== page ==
I do remember finding the ebay options for this sort of thing a few yrs ago. Thanks for reminder...

    As for CCC, yeah I already have a LaCie backup USB drive ported to this machine so figure I can just put the CCC clone there (of the current HD in 10.8.5) and will try that and a test boot before I do the Mavericks install.

    Thanks!
     
  7. mikeshep thread starter macrumors member

    Joined:
    Apr 23, 2008
    Location:
    Midwest US
    #7
    One quick question for any CCC users... I decided to create a new Partition on an external 4tb HD which already had 3 partitions on it. AFAIK - and from what I'm reading in CCC Help, That partition alone should be able to be a Bootable CCC Backup, right? I think CCC has made that a relatively 'automatic' thing in recent versions - I'll test it once the backup is done anyway. (This Mini HD is 250G so I made the partition 300G).

    Thanks again!
     
  8. Fishrrman macrumors P6

    Fishrrman

    Joined:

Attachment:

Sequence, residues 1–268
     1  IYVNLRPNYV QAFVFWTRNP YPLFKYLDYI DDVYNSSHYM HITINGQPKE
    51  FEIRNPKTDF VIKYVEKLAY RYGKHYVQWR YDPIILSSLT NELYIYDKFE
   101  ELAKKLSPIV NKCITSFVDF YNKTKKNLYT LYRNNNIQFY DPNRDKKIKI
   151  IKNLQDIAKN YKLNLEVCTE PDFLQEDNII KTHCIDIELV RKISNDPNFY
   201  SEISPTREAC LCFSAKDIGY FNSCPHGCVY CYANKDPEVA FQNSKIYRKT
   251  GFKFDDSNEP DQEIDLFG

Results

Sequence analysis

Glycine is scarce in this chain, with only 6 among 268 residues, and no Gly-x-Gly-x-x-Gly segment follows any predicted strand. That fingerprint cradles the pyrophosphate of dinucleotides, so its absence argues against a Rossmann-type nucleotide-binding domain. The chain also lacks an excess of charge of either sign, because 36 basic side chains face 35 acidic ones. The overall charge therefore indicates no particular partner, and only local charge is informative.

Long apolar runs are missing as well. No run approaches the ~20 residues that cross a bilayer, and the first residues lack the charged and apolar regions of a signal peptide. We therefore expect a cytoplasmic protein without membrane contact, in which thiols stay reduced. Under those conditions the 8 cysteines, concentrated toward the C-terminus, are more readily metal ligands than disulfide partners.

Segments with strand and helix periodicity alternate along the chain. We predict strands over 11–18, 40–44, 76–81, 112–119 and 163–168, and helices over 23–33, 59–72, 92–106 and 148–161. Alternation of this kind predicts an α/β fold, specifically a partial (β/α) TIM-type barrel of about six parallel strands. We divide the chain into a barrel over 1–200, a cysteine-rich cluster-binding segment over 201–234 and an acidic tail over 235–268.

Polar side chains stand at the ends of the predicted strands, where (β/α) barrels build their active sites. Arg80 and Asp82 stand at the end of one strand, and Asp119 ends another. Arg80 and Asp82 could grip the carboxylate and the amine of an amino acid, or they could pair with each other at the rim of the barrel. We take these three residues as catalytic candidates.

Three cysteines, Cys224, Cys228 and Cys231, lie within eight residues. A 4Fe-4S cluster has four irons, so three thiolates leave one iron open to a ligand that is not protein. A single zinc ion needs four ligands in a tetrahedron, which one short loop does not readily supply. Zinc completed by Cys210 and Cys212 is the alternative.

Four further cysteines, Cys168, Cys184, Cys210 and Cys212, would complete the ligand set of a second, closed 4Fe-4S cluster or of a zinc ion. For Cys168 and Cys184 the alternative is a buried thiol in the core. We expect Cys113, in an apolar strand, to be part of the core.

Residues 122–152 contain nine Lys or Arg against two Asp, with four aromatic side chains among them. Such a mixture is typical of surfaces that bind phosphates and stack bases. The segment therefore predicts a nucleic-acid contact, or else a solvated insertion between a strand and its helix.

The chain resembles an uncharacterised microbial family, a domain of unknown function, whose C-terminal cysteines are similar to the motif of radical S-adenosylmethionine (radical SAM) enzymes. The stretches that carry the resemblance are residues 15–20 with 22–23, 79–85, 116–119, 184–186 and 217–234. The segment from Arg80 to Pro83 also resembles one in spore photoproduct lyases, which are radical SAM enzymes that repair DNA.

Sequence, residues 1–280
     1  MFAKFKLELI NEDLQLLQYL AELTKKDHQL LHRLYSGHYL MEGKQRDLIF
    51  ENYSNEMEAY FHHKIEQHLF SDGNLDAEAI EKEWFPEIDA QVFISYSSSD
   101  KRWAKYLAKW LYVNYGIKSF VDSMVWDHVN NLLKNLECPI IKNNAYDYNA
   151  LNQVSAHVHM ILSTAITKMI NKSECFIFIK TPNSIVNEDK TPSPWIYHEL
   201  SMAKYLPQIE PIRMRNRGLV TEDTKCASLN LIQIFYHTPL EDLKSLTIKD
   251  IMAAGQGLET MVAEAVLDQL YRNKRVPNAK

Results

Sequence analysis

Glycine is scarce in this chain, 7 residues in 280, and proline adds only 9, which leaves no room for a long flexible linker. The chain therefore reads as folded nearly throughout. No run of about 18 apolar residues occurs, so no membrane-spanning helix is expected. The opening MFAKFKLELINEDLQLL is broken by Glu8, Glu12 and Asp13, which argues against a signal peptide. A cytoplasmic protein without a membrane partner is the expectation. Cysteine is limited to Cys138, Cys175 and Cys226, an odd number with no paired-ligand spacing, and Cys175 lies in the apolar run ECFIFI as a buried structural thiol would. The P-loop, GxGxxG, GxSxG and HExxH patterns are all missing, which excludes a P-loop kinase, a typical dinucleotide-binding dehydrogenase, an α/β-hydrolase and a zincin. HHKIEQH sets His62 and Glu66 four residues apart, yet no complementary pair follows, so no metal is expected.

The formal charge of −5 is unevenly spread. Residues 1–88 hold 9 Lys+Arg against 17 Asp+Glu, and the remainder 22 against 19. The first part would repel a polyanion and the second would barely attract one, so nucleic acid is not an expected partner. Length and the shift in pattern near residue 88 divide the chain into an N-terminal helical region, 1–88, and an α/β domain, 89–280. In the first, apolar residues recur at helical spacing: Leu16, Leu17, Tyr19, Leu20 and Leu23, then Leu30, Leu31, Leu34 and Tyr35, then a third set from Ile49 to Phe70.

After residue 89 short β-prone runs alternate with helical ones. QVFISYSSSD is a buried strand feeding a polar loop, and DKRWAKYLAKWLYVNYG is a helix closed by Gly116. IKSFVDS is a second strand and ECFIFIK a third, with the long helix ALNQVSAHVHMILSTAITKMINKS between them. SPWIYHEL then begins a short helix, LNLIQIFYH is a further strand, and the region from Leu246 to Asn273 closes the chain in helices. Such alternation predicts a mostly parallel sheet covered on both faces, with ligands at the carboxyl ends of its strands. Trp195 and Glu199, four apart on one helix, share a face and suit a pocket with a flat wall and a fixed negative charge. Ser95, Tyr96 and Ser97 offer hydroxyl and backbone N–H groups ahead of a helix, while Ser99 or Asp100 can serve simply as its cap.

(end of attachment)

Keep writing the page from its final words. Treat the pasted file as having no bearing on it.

Feb 20, 2009
    #8
    You'd really do better to create the cloned backup on a drive that is dedicated specifically for such backup.

    Sometimes trying to put a bootable cloned backup onto a partition that is "several partitions down" from the "first" one... doesn't work all the time.

    I'm not saying it won't work. It might work.
    Try it first and see.
    But the bootable cloned backup on a separate drive is the better way to go.
     
  9. mikeshep thread starter macrumors member

    Joined:
    Apr 23, 2008
    Location:
    Midwest US
    #9
    Ahh, was afraid of that. I hate to have to buy a separate external HD just for one individual machine's backup since most of my spare HDs have so much space open...
     
  10. organicCPU macrumors 6502a

    organicCPU

    Joined:
    Aug 8, 2016
    #10
    For me multiple partitions with different bootable backups made with CCC have always been working since Mac OS X 10.3.